Apparently, all I need to trigger a sense of home is hills and hemlock trees. The new house is in a town that has hills (this is a big deal in my part of the midwest) and lots of evergreens among the deciduous trees, including hemlocks. From my front door, I see two hemlocks silhouetted against the sky, and they make me feel so peaceful and happy. Despite the vile heat and humidity, suddenly I have no desire ever to move back to my home state, or to the one where much of my family live now. I don’t ever want to go anywhere again.

Well, I would like to go to the UK and visit some manuscripts. But apart from that, I’m fine right here.

Earlier this week, we went back to our former town to do some errands. It seemed like years since I’d been there, and very strange to think that I had lived there for so long. What was I thinking? Why didn’t I want to leave? I love the new house and the new town.

The enormous yard makes this place like living in a park. It’s tremendously relaxing to look outside and see so much green, and so little that has to do with other humans. We have squirrels, chipmunks, rabbits, birds, and probably other animals who are more nocturnal; I’m sure there are also deer, possums, raccoons, and either foxes or coyotes.

I’ve been looking up old posts on Clarissa’s blog because I recalled her making a similar transition when she bought a house surrounded by greenery. She went from liking concrete to preferring leaves. She felt like she’d become a completely different person. She could see herself in that house at 80. Well, maybe by 80 I’ll be ready to move somewhere with no stairs. But I’m amazed by how much at home I feel here. Clarissa is one of those bloggers I find interesting precisely because often we are so different, but on this topic it’s like we’re soul mates!

Maybe it’s because humans in general need to be exposed to nature a lot, and it’s good for us. I spent a lot of time outdoors at my old house, gardening, going for walks, shoveling snow (oh, you know what? if you don’t have sidewalks, you don’t have to shovel them), and there were plenty of trees and other green things to see from the windows. But this is a whole new level of nature, and it makes me feel like a whole new person.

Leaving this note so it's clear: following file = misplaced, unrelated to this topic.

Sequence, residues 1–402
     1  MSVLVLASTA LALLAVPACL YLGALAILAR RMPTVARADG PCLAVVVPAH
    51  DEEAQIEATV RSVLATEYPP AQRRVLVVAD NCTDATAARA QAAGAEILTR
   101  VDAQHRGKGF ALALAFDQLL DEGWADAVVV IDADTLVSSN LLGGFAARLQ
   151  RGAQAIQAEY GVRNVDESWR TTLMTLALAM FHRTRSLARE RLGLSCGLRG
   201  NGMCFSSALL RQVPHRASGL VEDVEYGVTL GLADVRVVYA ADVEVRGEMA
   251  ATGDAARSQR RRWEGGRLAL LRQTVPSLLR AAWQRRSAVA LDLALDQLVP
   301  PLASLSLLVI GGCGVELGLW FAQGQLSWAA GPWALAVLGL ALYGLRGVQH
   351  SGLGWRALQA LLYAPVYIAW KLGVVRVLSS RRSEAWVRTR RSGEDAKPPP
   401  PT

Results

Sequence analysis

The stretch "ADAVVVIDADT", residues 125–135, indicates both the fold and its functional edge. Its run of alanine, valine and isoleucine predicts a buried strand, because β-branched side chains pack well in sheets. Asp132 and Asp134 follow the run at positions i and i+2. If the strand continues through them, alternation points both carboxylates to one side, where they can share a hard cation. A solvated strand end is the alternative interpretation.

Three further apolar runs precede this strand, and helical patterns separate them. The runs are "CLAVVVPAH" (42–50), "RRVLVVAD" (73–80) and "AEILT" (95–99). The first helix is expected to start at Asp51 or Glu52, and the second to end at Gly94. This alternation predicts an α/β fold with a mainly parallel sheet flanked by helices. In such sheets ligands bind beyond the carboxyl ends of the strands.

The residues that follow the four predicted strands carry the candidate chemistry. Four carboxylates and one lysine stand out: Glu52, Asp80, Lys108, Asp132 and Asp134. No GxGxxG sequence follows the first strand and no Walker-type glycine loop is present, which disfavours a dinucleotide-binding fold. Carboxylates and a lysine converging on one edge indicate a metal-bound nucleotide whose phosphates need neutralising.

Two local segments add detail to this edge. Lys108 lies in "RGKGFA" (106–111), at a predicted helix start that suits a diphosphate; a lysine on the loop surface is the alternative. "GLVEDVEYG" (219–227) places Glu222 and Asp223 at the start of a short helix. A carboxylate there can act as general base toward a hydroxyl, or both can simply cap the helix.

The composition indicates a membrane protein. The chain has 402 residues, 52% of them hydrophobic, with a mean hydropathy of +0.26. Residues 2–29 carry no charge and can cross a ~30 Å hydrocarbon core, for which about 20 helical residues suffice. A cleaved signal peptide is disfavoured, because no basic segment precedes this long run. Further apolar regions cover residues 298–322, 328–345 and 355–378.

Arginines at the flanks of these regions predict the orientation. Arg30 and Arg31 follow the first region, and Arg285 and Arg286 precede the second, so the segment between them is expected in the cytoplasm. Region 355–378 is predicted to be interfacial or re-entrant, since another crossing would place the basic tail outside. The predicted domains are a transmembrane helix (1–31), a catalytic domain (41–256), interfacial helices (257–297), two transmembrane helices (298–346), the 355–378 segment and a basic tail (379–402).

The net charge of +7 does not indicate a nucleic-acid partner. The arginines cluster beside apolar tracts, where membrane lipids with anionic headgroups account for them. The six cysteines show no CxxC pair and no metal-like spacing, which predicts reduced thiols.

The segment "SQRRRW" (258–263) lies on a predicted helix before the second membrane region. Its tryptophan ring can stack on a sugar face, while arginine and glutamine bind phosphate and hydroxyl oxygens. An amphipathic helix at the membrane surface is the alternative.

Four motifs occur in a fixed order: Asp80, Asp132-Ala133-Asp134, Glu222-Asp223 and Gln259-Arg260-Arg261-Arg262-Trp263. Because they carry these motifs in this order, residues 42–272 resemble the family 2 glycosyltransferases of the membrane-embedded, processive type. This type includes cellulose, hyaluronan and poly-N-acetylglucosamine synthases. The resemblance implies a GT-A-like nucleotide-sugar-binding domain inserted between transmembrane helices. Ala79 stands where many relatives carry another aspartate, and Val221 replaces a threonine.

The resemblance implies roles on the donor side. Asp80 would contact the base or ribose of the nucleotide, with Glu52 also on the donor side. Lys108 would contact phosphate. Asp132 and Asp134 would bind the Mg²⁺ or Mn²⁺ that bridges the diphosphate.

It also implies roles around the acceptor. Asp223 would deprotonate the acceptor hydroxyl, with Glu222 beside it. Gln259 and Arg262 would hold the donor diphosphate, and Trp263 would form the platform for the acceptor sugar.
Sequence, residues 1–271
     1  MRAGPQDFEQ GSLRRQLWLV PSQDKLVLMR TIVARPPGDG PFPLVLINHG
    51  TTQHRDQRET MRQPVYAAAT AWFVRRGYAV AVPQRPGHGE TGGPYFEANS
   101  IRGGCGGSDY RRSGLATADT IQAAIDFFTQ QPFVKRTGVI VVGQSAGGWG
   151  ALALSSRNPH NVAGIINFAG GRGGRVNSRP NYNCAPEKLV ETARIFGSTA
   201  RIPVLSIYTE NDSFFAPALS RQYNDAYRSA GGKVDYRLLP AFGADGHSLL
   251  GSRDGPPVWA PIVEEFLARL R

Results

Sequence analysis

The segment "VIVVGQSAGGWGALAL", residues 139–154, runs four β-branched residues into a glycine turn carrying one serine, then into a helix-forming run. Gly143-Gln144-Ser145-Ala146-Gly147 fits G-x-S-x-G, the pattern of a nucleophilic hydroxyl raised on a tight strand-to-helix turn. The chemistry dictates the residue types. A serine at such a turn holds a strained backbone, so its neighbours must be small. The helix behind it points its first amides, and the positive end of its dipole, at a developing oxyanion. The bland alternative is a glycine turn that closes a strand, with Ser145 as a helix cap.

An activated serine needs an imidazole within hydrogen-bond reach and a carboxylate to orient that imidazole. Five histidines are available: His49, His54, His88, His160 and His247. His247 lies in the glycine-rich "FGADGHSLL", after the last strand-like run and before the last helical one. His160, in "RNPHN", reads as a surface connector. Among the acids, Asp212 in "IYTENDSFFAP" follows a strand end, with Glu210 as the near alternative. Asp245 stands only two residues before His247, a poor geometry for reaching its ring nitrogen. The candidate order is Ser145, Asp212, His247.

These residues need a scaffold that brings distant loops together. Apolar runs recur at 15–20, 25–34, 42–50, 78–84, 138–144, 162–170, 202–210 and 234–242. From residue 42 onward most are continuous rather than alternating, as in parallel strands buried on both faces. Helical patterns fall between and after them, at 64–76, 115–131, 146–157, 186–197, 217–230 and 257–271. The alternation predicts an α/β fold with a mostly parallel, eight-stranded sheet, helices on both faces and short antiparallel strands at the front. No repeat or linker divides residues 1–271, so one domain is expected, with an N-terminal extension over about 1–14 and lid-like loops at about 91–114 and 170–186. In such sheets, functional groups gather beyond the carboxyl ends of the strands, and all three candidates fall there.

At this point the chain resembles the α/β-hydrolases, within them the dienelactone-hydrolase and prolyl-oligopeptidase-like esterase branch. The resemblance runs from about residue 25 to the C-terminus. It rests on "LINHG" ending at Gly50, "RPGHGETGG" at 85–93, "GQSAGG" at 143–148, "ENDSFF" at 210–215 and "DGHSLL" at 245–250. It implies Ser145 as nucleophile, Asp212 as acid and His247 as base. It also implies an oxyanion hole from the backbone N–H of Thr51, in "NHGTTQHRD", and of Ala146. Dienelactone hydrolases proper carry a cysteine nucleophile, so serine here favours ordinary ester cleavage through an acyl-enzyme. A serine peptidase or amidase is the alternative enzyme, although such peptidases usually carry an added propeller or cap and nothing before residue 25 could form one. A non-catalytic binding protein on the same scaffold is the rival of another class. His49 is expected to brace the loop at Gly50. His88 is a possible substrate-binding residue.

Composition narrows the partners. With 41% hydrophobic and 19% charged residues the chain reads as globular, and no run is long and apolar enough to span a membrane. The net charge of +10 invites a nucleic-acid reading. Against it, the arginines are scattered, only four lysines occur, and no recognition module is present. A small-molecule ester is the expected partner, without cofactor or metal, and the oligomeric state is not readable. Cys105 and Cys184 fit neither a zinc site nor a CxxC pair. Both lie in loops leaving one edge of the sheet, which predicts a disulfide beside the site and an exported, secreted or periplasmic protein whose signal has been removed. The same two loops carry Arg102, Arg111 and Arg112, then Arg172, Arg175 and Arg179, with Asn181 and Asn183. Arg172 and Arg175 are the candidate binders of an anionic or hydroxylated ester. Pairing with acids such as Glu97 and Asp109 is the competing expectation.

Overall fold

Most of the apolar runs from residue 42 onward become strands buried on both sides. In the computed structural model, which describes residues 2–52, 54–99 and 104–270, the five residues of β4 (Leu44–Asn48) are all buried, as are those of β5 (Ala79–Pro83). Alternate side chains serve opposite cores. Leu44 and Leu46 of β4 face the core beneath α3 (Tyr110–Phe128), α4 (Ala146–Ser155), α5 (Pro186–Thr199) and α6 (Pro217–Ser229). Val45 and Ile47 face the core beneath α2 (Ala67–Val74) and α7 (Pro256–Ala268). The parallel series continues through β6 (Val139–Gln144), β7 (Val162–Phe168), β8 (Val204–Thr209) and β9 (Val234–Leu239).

To be sure, there’s a grocery store and other shops about a mile away, perfectly walkable, so it’s not the level of isolation that both my brothers have, which always makes me long to rush back to civilization. I’m not willing to drive ten miles to buy groceries, and I think my feelings on visiting family influenced my sense that I needed to be urban. But now I think the suburbs are a fabulous place to be (even though I don’t recognize myself). I feel like I get to spend the rest of my life on vacation.

8 thoughts on “What urban soul?

  1. College towns are often a good compromise between urban and suburban, with the cosmopolitan culture brought by the college but the slower pace and lower density of suburbs. I’ve lived in Palo Alto (CA), Ithaca (NY), and Santa Cruz (CA). Palo Alto is no longer a college town, having been taken over by Silicon Valley millionaires. Ithaca was nice, but a bit isolated (and ice on the hills in winter was dangerous), and Santa Cruz is just right for me.

    1. I’ve lived in both Ithaca and Santa Cruz, and I would say they are college towns in a very different category than Charleston, IL, Manhattan, KS, or River Falls, WI. The latter set might be more desirable than nearby places without colleges, but if you’re coming from Flagshipville the culture shock may be just as bad as if you went straight to Podunk.

  2. “Living in a park” & those flowers–this place sounds perfect for you. It’s exciting to move to a new place, too, and get everything set up. Which drawer will be the silverware drawer? Where will we put the glasses? Things like that.

    1. Isn’t it strange?
      I can’t decide if it’s mainly the pandemic, or life stage, or just having been unclear on what really makes me happy vs what I think I want.

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